A European Court of Justice decision appears to have resolved a 10-year controversy over Italy's interim rules on copyright protection for industrial designs. On the basis of the new rule in the Code of Industrial Property, all copy products manufactured in Italy after April 19 2006 (and those imported after April 19 2001) are pursuable as counterfeit.
The IP Division of the Court of Bari has found that Adidas's well-known three-stripe mark was infringed by the use of four stripes on similar products. The decision indicates that all of Italy's specialist IP divisions take a common stance in according enhanced protection to famous marks.
Italian case law has dealt extensively with the protection of designs. Decisions in the past few years have highlighted key issues, such as the relationship between validity and scope of protection, the importance of overall impression and the definition of the term 'informed user'. More recently, the reform of the Code of Industrial Property has introduced a significant change to the copyright protection available to designs.
A legislative decree which brings Article 239 of the Code of Industrial Property into line with the EU Design Directive is now in force. The article provides for a transitional regime for works created before copyright protection for industrial designs was introduced in April 2001. It has taken nine years and five legislative interventions for Italy to recognise that industrial designs created before 2001 benefit from full copyright protection.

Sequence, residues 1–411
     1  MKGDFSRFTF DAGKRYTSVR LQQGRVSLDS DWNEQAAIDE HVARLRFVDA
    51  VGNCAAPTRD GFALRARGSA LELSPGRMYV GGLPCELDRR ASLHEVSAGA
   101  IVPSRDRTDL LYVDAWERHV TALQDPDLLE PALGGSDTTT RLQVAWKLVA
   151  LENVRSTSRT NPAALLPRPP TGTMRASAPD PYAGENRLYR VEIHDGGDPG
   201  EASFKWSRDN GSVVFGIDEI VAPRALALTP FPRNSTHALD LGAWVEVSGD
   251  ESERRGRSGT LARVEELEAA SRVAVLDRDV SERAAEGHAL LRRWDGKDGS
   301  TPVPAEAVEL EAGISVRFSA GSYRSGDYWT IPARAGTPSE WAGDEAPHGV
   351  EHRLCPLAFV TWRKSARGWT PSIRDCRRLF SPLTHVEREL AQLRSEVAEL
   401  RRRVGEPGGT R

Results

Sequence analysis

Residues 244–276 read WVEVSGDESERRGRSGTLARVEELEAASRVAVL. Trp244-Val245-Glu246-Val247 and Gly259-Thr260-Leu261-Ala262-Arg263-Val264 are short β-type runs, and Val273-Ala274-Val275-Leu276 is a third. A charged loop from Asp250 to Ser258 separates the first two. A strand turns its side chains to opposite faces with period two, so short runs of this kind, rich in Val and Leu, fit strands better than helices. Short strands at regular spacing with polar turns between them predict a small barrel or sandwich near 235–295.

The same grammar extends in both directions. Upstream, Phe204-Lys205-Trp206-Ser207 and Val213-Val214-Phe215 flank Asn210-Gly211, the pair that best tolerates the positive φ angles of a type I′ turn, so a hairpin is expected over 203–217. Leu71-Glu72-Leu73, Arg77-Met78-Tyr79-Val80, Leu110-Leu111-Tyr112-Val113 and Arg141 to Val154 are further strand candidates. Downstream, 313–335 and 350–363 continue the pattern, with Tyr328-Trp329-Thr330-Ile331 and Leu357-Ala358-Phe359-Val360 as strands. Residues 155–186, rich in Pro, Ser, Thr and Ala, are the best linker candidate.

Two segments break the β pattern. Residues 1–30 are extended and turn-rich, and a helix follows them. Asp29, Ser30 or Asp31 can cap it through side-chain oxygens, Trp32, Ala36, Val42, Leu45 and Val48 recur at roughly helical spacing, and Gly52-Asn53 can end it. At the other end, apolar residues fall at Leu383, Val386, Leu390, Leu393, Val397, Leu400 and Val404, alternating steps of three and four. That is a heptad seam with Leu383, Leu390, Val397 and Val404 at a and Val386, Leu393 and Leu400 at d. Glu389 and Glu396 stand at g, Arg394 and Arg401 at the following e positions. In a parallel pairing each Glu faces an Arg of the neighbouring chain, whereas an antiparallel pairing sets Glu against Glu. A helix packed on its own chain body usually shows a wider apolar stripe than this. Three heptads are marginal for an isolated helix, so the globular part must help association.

Far-reaching changes to Italy's IP framework touch on many aspects of procedure. A new measure provides that the same judge is competent to allow protective measures, seizure and preliminary injunctions; it also clarifies that such measures may be jointly sought. Among other changes, the right to obtain an assessment of non-infringement will help to prevent wrongful uses of IP rights, particuarly invention patents.
The newly reformed Code of Industrial Property takes a practical approach to patent law. Together with procedural changes that aim to facilitate protection and encourage out-of-court dispute settlement, it promises to consolidate the positive results already achieved in recent Italian case law and will help to persuade both Italian and foreign enterprises that patenting pays in Italy.
The revised Code of Industrial Property aims to protect IP rights on the basis of market realities, balancing exclusivity and competition. This update considers the origins and scope of the reform. Among other things, new trademarks rules elevate public perception as the decisive factor - both in deciding whether a sign is protectable and in defining the limits of protection - and protect enterprises from new forms of infringement.
Under Italian law, parallel imports are generally considered legitimate if the goods come from an EU member state in which they have been marketed either by the rights holder or with its consent. Parallel importers can use an associated trademark in advertisements, provided that the limits indicated by EU case law are observed. However, original products may not be sold in a way that abuses the trademark's reputation.
Italy is seeking to tackle the issue of the geographical origin of products with two new rules: one relating to designations of origin, the other to the term 'made in Italy'. The protection of designations of origin is vital, but the legislature's approach contradicts the recent positive evolution of IP law in Italy.
A recent ruling by the Court of Rome recognizes the liability of hosting service providers - in this case, the video-sharing website YouTube - for the infringement of IP rights on the Internet. The court also outlined the issues to consider in determining whether an internet service provider is liable for infringement.
A number of key developments in the reform of Italy's IP framework, implemented in the course of 2009, are likely to remain influential - and in some cases controversial - throughout 2010 and beyond. Chief among these is a package of revisions to the Industrial Property Code.